August â€” typically the hottest month of the year â€” is upon us. The recent weather has certainly been favorable for plants of all kinds in the woods and in our gardens. We have not needed to water as often due to timely rains and milder temperatures. Of course, that can quickly change during the next couple of months.
If you have never tried a fall vegetable garden, August is the month to get started.
Hereâ€™s a quick list of what can be sown in August for a fall harvest:
n Warm season (group these together, since they will be finished by November and can be removed to make room for something else) beans, cucumber and summer squash.
n Cool season: broccoli, cabbage, Chinese cabbage, carrots, cauliflower and Swiss chard. Seedlings and transplants will need extra care to help get them established, including paying close attention to soil moisture, and maybe initially providing some afternoon shade. All of the cool season crops listed can continue to be planted in September.
Peppers and tomatoes planted earlier this year usually will not set fruit during the extreme heat of summer, even though they may still be flowering. If the plants remain healthy, they will set fruit again once temperatures stay below 90 degrees. Sidedress established healthy plants with fertilizer and keep watered to encourage new growth.
The main goals for the August lawn are to avoid drought stress and watch out for pests. With the frequent rains we have been receiving, you should monitor your yard to determine whether it actually needs supplemental irrigation. For example, yesterday I got 0.8 inches of rain, so I donâ€™t anticipate needing to water (if it doesnâ€™t rain in the interim) at least for another five or six days, based on my soil type, etc. But, at my office, it rained less than one-half inch, so if my lawn was located here, I might have to water sooner. The hotter and more windy it is, the more frequently you will need to water.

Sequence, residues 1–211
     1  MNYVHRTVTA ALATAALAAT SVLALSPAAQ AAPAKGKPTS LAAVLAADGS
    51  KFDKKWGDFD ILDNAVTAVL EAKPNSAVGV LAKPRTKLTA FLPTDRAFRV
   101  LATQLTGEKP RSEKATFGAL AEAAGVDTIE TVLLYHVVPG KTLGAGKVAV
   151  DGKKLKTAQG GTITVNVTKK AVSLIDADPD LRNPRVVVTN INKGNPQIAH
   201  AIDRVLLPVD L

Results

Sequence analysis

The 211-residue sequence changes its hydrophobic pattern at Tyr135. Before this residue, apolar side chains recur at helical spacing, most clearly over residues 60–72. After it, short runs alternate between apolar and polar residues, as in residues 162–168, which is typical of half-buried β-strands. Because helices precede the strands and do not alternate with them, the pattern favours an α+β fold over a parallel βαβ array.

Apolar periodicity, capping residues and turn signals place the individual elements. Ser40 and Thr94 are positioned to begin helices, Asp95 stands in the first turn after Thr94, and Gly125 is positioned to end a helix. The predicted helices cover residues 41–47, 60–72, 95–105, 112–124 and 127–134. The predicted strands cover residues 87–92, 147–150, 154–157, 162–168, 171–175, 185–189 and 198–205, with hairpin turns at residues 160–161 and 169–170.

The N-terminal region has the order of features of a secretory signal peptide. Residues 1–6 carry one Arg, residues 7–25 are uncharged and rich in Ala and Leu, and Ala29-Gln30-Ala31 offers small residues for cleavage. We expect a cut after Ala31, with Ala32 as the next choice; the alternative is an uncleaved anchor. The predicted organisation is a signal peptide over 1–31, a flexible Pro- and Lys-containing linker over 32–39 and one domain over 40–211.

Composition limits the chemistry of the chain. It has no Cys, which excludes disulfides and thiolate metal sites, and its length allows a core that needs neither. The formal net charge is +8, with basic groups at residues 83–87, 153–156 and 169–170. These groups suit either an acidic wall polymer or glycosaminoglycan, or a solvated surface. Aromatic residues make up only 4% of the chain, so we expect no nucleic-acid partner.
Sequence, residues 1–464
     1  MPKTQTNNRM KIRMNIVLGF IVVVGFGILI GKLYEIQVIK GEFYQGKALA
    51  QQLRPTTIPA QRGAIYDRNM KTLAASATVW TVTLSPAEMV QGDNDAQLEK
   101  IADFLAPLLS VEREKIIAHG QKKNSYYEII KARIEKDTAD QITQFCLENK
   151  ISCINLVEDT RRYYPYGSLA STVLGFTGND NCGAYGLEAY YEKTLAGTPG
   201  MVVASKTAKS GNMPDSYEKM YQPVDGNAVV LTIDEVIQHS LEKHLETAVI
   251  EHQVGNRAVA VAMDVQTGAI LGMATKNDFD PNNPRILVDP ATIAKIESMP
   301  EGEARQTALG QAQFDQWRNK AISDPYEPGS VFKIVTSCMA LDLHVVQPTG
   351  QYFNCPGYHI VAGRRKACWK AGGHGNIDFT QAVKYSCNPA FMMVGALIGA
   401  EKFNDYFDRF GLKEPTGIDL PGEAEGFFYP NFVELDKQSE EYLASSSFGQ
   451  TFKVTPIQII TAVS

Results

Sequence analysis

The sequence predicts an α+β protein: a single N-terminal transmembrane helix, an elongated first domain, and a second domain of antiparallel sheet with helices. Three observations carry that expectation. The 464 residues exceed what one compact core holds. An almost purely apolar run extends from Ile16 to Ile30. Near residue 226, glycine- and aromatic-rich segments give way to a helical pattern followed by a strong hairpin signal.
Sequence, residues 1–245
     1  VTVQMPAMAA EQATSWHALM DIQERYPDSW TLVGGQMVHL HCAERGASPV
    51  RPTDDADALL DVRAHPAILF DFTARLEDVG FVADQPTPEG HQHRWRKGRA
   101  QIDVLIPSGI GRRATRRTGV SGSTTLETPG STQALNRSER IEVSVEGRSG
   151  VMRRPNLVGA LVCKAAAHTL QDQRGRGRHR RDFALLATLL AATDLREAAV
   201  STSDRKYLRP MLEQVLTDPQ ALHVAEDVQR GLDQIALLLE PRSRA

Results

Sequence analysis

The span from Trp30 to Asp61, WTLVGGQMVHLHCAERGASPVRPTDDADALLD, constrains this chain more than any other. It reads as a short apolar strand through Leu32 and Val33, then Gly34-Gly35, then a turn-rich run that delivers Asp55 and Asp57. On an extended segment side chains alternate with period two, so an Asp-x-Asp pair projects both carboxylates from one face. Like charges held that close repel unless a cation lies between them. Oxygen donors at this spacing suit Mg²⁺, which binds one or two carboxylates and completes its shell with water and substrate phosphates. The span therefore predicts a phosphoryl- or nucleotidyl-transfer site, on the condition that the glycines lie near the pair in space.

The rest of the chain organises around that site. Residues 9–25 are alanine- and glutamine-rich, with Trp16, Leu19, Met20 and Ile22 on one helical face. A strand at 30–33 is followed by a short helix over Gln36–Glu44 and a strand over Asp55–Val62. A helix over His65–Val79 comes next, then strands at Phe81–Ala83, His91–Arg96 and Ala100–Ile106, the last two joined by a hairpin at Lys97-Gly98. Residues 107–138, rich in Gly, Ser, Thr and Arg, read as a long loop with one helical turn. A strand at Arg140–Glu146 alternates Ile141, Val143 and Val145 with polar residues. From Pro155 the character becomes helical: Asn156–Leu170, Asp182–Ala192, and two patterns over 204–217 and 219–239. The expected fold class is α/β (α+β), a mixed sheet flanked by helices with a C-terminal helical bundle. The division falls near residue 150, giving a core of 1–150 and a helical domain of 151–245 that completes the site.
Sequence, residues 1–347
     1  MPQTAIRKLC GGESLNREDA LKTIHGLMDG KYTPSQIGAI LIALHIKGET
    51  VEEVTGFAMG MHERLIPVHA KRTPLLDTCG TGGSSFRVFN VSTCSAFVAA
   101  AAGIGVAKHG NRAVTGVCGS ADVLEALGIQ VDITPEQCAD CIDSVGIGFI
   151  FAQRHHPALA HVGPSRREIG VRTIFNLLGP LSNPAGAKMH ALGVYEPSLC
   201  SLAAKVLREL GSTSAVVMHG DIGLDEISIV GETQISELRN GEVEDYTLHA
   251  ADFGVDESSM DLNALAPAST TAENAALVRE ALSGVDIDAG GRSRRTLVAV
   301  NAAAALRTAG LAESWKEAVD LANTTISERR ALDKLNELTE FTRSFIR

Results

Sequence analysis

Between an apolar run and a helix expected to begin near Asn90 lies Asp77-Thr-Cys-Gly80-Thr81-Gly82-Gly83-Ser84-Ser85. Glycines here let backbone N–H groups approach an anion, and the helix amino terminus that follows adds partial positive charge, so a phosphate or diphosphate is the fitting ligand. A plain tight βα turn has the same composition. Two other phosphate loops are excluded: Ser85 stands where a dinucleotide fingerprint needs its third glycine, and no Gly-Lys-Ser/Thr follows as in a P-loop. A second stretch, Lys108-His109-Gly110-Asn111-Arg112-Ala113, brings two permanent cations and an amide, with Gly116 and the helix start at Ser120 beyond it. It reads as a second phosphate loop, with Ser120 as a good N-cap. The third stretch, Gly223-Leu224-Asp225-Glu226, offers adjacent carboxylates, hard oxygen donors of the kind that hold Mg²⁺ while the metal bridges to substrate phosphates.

Those with St. Augustine lawns should be on the lookout for chinch bugs. Youâ€™ll see symptoms before you see the insects â€” wilted grass (despite moist soil), eventually turning yellow and finally straw-colored. Weeds and other grasses remain green since chinch bugs donâ€™t bother them. Expect potential problems in sunny parts of the yard and where the lawn is more easily stressed, like along a hot sidewalk or by the street, because chinch bugs like it hot, sunny and dry.
You still have options for color for your landscape. Some easy choices for the rest of the summer include lantana, salvia, sweet potato vine, zinnias, marigolds, ornamental peppers and caladiums (for shady spots).
If your garden beds are drying out too quickly, or you are getting a lot of annual weeds popping up, turn to mulch to solve these issues. Besides retaining moisture longer, and helping keep weeds from germinating, it keeps the soil cooler, which makes for better growing conditions for your plants. Shredded or chipped hardwood mulch is ideal. Pine straw and other organic-based products work well also, and all help improve the soil as they decompose, which is another added benefit of organic mulches.
The next webinar for Small Acreage Horticulture Crops is Aug. 21, with the topic â€śPractical Weed Control.â€ť Dr. Joe Masabni, Extension vegetable specialist at College Station, will focus on organic options, and will cover cultural, mechanical and chemical methods, plus highlight some equipment and leave plenty of time for questions and answers. Cost is $10 ($20 for the series). It starts at 9 a.m. at the Smith County AgriLife Extension Office, and will end about 10:30 a.m.
The East Texas Lecture Series starts again in September. Mark your calendars for Sept. 13 when Master Gardener David Gary will present â€śEnjoy Your Home Landscape â€” Make Your Yard Fit Your Life.â€ť Gary has learned to continue gardening despite muscular dystrophy restricting him to a wheelchair. His garden, which he designed, enables him to enjoy his hobby. This inspirational program shows how to easily design your landscape to fit any limitations.
The Lecture Series continues Oct. 25 with Greg Grant, research associate at the Pineywoods Native Plant Center in Nacogdoches and co-author of â€śHeirloom Gardening in the South.â€ť Grant will discuss choice plants for the home landscape in the program â€śForgotten & Under-utilized Plants for East Texas.â€ť The last lecture is Nov. 15 when Dr. Dave Creech, director of the SFA Mast Arboretum in Nacogdoches, will highlight choice trees for the landscape, including Japanese maples. All three programs will be at the Tyler Rose Garden Center, starting at 9 a.m. Cost is $15 per lecture.
Keith Hansen is Smith County horticulturist with the Texas A&M AgriLife Extension Service. His web page is http://EastTexas-Gardening.tamu.edu . His blog is http://agril ife.org/etg. Find him on Facebook at face book.com/easttexasgardening.